Truth is, the gunfight did not take place either within or even next to the O.K. Corral, but in a narrow lot six doors west of there. Despite the historical inaccuracy, the corral is currently marketed as a tourist attraction where visitors pay to see a reenactment of the shootout between Wyatt Earp and his brother in a faceoff with the Clanton-McLaury gang.

“Today’s world of commerce is not kind to those who serve average products to ‘average Joes’,” remarks eograndrapids.org. “You’ll need to identify your niche, or your unique value proposition.” For blog content writers seeking to attract readership in their niche markets, I add the reminder, “Don’t forget the power of place in business blog content writing!”


Mythbusting Blog Content is More Than OK



“There may be more stories about the origin of ‘OK’ than there are uses for it,” a Mental Floss magazine article points out. Writers have attributed it to:

  • the Haitian port Aux Cayes
  • a Puerto Rican rum labeled “Aux Quais”
  • the German alles korrekt
  • shipbuilders marking wood for “outer keel”
  • Civil War soldiers carrying signs for “zero killed”

The truth, as Allan Metcalf explains in OK: The Improbable Story of America’s Greatest Word, is that the expression “OK” was born as a lame joke by the editor of the Boston Morning Post in 1839, meant to poke fun at poor spelling habits.

Today, Mental Floss points out, “OK” has become an all-purpose expression in dozens of languages, used as:

  1. an enthusiastic cheer
  2. an unenthusiastic rating of a movie or a meal
  3. a way to draw attention to a topic shift in conversation

What Metcalf has achieved is a myth debunk, and myth-debunking is one great use for business blogs. Many misunderstandings about a product or service present themselves in the natural order of business, in the form of questions and comments from readers and customers. Shining the light of day on that misinformation shines light on your own expertise.  If your blog post is well written, perhaps with a bit of tongue in cheek, it can offer enlightenment in a way that engages searchers and keeps them coming back.

In the process of debunking a myth, I tell business blog content writers, you can:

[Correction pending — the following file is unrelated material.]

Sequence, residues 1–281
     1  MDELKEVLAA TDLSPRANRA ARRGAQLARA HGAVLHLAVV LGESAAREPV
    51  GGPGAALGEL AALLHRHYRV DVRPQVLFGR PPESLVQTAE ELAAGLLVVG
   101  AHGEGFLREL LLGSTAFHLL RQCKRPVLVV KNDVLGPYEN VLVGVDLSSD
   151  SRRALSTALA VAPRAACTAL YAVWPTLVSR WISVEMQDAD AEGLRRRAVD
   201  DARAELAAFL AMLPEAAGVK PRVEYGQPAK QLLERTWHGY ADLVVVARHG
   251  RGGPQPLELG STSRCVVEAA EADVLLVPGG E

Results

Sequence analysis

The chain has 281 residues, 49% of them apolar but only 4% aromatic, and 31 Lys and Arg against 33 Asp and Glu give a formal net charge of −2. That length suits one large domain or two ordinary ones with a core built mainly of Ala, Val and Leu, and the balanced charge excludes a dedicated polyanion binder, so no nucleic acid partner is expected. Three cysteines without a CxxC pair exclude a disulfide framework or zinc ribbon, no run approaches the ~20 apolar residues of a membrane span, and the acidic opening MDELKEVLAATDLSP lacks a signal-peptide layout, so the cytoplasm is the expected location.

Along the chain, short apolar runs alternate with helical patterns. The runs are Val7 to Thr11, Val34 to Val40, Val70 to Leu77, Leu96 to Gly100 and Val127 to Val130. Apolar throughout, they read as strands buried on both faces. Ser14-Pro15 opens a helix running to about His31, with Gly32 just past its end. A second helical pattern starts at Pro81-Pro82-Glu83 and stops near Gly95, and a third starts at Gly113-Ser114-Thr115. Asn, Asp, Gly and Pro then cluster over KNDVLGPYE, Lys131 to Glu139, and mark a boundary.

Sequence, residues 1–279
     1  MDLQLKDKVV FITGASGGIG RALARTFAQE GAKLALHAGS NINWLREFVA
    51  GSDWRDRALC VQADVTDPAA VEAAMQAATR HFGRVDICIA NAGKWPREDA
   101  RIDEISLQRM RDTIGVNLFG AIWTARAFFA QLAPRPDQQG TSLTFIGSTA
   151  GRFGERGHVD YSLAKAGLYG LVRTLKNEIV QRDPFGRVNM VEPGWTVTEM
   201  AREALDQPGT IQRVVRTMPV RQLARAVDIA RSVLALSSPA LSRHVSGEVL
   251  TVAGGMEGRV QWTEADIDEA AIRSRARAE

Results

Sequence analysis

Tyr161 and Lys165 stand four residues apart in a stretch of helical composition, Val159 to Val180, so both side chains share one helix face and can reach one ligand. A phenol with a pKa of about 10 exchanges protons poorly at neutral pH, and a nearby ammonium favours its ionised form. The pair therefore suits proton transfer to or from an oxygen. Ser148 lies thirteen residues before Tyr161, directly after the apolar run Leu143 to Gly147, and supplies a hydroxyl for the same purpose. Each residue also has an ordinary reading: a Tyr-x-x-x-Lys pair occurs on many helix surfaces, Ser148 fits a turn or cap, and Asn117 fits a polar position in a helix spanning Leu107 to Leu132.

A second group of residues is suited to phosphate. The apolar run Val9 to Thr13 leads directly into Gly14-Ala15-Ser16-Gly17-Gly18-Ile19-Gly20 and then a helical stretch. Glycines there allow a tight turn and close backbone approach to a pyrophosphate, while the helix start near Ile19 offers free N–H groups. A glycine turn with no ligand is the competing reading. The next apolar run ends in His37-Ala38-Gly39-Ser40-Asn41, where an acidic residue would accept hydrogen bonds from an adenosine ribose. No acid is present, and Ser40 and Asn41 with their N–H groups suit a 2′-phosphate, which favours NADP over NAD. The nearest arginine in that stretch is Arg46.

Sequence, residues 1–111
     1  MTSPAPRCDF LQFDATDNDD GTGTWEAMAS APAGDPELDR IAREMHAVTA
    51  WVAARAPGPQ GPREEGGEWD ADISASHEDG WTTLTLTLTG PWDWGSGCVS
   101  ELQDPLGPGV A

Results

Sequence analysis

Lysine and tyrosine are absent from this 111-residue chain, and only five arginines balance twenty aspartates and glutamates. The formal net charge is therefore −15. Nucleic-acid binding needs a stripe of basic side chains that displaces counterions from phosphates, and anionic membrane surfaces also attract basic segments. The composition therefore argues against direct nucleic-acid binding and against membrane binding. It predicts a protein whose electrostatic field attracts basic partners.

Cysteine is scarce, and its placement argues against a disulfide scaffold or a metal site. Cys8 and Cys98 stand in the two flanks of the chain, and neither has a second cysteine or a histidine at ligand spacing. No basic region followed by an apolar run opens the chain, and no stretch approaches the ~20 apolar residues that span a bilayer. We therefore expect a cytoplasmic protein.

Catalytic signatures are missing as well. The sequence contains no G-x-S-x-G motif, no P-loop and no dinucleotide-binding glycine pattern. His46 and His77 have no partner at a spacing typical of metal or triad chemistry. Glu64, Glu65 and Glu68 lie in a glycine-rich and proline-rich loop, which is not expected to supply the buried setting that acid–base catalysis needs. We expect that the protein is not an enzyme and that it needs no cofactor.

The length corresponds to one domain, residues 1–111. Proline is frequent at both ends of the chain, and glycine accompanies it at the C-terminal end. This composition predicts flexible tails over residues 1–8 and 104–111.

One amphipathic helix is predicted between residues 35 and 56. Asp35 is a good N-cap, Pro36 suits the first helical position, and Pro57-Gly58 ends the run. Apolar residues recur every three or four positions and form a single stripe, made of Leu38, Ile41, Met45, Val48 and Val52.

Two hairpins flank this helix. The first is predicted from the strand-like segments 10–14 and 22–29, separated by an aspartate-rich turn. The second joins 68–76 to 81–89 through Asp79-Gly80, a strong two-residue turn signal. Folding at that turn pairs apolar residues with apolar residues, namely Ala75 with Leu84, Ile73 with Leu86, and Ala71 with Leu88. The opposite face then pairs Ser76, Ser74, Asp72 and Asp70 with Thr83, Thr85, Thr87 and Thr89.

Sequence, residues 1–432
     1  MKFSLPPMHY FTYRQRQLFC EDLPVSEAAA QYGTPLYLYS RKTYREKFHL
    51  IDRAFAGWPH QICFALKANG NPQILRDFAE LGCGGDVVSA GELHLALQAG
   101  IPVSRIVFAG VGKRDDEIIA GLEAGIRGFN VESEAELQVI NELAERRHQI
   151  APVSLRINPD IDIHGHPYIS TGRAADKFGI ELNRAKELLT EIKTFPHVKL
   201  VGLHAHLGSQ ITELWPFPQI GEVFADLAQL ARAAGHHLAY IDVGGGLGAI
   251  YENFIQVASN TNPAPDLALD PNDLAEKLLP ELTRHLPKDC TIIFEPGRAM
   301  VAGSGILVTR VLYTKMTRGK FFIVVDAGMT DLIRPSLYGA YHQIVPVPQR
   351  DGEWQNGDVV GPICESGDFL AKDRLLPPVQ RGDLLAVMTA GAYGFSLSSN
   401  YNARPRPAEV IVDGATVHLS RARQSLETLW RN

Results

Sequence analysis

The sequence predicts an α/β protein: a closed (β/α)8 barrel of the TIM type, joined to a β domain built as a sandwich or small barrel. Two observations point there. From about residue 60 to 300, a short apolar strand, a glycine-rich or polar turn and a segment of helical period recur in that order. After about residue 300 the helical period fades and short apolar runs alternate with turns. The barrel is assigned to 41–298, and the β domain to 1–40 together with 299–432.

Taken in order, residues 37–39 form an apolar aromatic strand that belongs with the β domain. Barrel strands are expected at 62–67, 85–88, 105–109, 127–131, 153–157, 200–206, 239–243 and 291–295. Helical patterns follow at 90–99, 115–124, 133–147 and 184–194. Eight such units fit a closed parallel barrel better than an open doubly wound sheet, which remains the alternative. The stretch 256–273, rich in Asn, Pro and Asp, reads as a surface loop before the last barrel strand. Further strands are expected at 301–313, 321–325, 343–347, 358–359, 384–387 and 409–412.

• Offer little-known, interesting information related to your industry
  • Season that information with your own unique slant
  • Demonstrate your knowledge and expertise as a business owner or  practitioner

An important caution is in order when it comes to myth busting in blogs, however. As a blog writer, you want to use myth busting in your corporate blog to showcase your knowledge (as opposed to “showing up” your readers’ lack of it).

So long as you keep that important caveat in mind, mythbusting blog content is more than OK!


Deep Dive to Create More Blog Content


Diving suit equipment isolated over white
Deep dive, freshsparks.com advises blog content writers. “Take articles with more general information and create a separate article focusing on one specific area.”

All the way back in 2008, I wrote about target marketing in a Say It For You blog post titled “If the Parents Hate It, the Kids Will Love it”. I had based the post on an article in Speaker magazine about the Alice Cooper rock music group, whose stage show was considered “over the top” by anybody’s standards at the time, complete with guillotines, electric chairs, fake blood, live chickens, and a boa constrictor, with a male in tattered women’s clothing holding a snake. The band, according to professional speaker Terri Langham, had made a brilliant career decision, focusing on one target audience – kids.  “If the parents hate it, the kids will love it” became the motto.

In that post about the Alice Cooper band’s marketing strategy, I advised blog content writers to emulate that kind of targeting, narrowing down their market focus. It doesn’t matter, I advised blog writers, if other segments of the market hate your blog, so long as your target customers love it.

In the years following, I’ve come back to that target marketing theme time and again to take a deeper dive:

  • In Blogs and Podiums – Choose Yours Wisely: “Who are your target customers or clients? What approach would have the most appeal to that segment of your market?  Will the emphasis be on your product or on special service and expertise?  Pick one primary area of focus – don’t try to do everything in one blog.”
  • In Befitting Bloggery:  “Everything about your blog should be tailor-made for that customer – the words you use, how technical you get, how sophisticated your approach, the title of each blog entry – all of it.”
  • In With Blogging, a Small Business Can Have a Long Tail: “Regular, high quality content, posted consistently on your blog, can have a huge effect in a small market.”
  • In Scoping Out Your Blogging Niche:  “Blogs, after all, use “pull marketing”.  The people who find your blog are those who are already online looking for information, products, or services that relate to what you know, what you have, and what you do! Your online marketing challenge is not to seek out the people, but to help them seek you out!”